17 June 2008

Family office news: The family mission statement


Families often devote enormous resources to making sure their legacy carries on over many generations. They set up trusts, foundations and other instruments to ensure their wealth is put to good use. They draft complex wills. But too often subsequent generations may find it hard to follow the logic behind these arrangements, and in the worst cases, open warfare can break out in the form of expensive and traumatic litigation.

Robertson v. Princeton, discussed in this issue, is a case in point. The Robertson heirs have one understanding of the intentions of the original donors who set up a foundation to further training for public service at Princeton’s Woodrow Wilson School of Public and International Affairs. Princeton University has another. Perhaps if the Robertsons had taken the time to create a statement of their values and beliefs, beyond the general intention of supporting education for government service, it might have helped to mitigate the dispute.

When families begin to think about their legacies, they often take their shared values for granted. They assume those values will be embraced by subsequent generations. But time and again that assumption has led to disappointment as the heirs to substantial fortunes have strayed from the intentions of their predecessor or the fortunes themselves have been undermined.

An increasing number of family office professionals have begun to advise families to draw up a family mission statement, both to clarify a family’s values in the present and to guide decisions in the future. Such a document fulfills much the same function as a national
constitution, laying out basic principles and providing a structure for decision making. Like a constitution, it can be amended, but only with the participation and consent of the whole family. And like a constitution, it can also become a reference point for educating younger generations about their role in the family and its guiding principles.

Family mission statements typically contain:

  • A statement of basic guiding principles A description of members’ duties to the family, and the family’s duties to its members • The family’s philosophy about how to use its wealth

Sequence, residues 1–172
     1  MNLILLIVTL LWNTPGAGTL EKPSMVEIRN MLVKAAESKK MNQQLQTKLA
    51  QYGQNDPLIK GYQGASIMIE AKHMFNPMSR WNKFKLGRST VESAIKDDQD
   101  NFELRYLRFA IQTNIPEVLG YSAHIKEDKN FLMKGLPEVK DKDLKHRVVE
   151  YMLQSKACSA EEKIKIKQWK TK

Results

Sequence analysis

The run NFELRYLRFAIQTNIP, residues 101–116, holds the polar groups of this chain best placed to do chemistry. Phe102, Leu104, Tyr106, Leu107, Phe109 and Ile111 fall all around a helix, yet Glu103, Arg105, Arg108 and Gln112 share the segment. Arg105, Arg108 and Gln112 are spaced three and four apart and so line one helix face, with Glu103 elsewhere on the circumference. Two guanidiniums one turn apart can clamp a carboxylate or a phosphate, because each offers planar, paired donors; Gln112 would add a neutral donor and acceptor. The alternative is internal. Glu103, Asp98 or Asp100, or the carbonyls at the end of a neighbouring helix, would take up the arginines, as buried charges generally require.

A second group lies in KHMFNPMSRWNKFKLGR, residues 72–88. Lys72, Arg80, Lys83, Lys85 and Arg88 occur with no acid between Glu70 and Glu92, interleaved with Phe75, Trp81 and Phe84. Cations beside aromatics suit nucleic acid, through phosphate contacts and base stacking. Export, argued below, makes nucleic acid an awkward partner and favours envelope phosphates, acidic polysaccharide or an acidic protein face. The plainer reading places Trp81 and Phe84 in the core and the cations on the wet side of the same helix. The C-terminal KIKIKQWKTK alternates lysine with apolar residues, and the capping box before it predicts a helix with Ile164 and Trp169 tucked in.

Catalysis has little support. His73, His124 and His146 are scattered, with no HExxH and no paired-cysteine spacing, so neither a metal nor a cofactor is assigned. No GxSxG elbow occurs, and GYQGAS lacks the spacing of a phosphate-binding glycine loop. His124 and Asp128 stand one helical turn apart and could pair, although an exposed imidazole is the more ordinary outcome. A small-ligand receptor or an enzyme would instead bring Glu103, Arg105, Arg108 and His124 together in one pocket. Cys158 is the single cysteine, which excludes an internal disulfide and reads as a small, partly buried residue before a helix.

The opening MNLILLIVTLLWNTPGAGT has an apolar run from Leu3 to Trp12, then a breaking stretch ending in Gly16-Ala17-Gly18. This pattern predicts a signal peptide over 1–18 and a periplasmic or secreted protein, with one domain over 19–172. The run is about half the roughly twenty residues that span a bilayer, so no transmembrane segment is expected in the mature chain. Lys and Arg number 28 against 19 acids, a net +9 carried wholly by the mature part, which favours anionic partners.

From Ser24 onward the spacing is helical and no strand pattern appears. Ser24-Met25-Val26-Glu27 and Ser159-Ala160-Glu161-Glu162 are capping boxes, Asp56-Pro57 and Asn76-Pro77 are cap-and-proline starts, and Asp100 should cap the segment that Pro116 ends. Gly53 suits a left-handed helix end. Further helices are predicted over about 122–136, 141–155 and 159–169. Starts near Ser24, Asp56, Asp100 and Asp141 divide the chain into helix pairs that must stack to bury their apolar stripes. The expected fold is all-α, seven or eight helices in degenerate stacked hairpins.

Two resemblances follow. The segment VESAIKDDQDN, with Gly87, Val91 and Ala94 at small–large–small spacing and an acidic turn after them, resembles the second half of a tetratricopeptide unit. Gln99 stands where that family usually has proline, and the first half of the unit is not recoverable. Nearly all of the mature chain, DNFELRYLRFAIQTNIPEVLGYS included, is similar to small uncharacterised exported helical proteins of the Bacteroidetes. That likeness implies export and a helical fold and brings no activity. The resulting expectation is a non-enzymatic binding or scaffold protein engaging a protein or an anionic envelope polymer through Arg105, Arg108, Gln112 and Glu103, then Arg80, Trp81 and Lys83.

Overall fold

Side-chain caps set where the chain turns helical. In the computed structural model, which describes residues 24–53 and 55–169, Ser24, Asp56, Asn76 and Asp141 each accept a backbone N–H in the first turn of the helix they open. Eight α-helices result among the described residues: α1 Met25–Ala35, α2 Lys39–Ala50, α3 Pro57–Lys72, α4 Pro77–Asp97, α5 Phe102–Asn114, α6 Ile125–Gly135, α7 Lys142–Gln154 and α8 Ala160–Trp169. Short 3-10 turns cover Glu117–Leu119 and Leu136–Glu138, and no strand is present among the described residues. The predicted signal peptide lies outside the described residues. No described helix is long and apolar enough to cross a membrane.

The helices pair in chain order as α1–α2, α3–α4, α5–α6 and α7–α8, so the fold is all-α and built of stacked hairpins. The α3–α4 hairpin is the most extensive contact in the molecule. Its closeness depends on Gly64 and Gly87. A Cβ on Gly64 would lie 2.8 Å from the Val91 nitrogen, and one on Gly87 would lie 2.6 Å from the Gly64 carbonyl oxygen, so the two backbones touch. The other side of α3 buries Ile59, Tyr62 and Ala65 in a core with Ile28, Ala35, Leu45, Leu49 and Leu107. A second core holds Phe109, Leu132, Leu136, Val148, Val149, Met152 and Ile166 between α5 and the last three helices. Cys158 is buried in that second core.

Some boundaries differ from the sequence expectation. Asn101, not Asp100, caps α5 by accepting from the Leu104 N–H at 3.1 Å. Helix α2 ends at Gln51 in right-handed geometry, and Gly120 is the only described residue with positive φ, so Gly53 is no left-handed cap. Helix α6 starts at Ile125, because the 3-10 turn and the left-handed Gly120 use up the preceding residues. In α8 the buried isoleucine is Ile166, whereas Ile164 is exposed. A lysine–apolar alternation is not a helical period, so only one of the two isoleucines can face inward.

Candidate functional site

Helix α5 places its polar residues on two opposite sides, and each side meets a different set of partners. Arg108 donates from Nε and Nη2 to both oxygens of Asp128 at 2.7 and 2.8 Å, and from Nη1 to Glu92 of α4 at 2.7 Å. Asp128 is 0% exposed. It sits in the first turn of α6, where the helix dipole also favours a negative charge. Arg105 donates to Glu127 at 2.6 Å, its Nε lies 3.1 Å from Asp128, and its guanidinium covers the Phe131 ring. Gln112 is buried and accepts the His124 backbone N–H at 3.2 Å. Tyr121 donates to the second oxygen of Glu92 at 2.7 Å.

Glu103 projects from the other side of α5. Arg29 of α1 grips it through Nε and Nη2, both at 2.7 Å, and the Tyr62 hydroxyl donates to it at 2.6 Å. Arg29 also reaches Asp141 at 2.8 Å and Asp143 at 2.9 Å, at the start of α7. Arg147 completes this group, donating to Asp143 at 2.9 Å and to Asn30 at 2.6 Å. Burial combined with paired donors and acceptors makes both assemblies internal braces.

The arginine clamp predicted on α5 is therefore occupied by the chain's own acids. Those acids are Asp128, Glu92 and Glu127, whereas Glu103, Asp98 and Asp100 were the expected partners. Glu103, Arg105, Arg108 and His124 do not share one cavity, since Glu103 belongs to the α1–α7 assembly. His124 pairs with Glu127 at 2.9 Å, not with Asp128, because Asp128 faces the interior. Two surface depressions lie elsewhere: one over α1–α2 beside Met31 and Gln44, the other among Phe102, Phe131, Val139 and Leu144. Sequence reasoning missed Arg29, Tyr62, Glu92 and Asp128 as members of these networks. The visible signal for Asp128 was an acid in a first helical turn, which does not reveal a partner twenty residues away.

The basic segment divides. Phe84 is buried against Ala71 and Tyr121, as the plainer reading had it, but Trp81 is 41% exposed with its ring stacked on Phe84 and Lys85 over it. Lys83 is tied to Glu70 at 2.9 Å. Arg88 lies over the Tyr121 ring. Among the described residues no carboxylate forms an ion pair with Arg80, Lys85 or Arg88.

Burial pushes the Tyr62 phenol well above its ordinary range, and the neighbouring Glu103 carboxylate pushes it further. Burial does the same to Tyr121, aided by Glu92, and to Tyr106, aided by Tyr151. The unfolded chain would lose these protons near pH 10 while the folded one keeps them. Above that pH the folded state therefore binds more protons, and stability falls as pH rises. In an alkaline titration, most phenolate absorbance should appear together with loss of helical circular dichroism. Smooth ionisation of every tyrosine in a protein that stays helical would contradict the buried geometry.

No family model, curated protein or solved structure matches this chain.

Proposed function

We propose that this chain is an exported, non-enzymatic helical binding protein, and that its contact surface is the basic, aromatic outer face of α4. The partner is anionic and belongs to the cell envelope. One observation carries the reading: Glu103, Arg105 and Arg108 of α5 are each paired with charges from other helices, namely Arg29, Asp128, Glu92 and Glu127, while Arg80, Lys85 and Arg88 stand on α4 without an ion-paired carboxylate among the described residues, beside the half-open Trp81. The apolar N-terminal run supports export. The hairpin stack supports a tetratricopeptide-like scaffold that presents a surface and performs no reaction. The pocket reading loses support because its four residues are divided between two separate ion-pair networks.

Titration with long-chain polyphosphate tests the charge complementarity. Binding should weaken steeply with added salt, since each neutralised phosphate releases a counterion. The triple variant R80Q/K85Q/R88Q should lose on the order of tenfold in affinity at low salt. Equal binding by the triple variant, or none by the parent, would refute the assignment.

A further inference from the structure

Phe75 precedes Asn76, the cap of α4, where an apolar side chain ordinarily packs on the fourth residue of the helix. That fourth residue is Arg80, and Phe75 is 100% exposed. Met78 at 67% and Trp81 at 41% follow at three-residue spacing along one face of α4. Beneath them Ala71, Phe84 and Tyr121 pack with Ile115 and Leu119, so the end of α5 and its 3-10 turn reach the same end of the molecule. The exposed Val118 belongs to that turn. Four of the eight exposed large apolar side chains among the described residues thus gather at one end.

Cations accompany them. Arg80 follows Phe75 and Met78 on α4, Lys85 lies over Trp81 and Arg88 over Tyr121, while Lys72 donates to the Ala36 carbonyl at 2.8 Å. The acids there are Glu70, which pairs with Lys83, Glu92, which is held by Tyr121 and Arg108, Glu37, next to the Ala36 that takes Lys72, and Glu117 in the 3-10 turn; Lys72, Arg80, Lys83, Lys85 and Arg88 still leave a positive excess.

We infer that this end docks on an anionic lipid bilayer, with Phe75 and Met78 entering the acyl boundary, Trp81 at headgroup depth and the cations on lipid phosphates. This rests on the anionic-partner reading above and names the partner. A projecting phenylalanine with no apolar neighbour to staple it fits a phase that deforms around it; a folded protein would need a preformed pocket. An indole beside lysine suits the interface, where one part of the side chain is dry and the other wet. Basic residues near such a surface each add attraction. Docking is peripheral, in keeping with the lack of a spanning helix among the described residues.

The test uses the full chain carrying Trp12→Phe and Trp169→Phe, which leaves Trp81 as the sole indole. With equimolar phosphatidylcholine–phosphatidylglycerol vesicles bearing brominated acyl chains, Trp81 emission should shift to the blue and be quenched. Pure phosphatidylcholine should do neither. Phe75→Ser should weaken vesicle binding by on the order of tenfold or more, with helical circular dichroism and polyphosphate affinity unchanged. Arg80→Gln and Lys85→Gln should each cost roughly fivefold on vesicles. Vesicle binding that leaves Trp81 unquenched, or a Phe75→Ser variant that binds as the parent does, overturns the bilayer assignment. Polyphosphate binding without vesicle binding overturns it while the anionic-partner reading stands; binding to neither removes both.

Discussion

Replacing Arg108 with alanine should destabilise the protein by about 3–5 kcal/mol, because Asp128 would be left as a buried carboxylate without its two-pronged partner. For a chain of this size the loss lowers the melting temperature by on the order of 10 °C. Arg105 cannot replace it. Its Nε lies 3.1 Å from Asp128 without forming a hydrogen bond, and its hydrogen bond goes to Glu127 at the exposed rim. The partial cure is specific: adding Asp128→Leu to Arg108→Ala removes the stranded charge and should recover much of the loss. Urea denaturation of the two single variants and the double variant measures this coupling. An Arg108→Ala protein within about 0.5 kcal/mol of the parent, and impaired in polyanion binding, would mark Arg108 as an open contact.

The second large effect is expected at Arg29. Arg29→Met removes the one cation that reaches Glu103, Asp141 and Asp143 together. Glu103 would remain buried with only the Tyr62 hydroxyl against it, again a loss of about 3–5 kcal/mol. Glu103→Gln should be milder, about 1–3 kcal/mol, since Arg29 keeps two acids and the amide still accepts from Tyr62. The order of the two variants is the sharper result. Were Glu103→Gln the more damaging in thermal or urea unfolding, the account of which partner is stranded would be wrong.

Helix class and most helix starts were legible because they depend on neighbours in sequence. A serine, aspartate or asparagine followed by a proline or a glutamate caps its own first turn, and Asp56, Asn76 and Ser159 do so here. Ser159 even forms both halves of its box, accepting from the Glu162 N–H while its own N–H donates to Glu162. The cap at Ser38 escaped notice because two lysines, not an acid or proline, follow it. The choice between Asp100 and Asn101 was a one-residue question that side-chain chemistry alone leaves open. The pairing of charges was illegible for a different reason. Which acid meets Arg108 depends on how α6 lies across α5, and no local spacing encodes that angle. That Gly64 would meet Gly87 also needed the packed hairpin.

• A mechanism for making decisions and for resolving disputes
  • An agenda for educating younger members about their role in the family

The process of developing the mission statement is often a nourishing experience for the family, allowing for fruitful discussion and appreciation of its traditions.

Our Family Office team can help a family to frame a mission statement in the context of formation, restructuring or review of an entire family office operation.

Elements of a family mission statement

  • Who are we? Members of the family.
  • What are our goals? Preserve our legacy, ensure the health and happiness of our members, contribute to the health and happiness of our community, ensure our values are passed on to future generations.
  • What are our guiding principles, fundamental values and beliefs? This can include elements of a family’s religious tradition, founders’ guiding principles, excerpts from respected texts or authors’ writings.
  • How do we deal with each other? Mutual respect, civility, every member gets a chance to be heard, family privacy and reputation to be protected, a fair and orderly method for resolving disputes.
  • What is the relationship between the family, the family office and the family business? Separation of functions, criteria for members to work in the family business; performance, dismissal and retirement policies.
  • What is the governance structure? How will decisions be made and where are the lines of responsibility and accountability?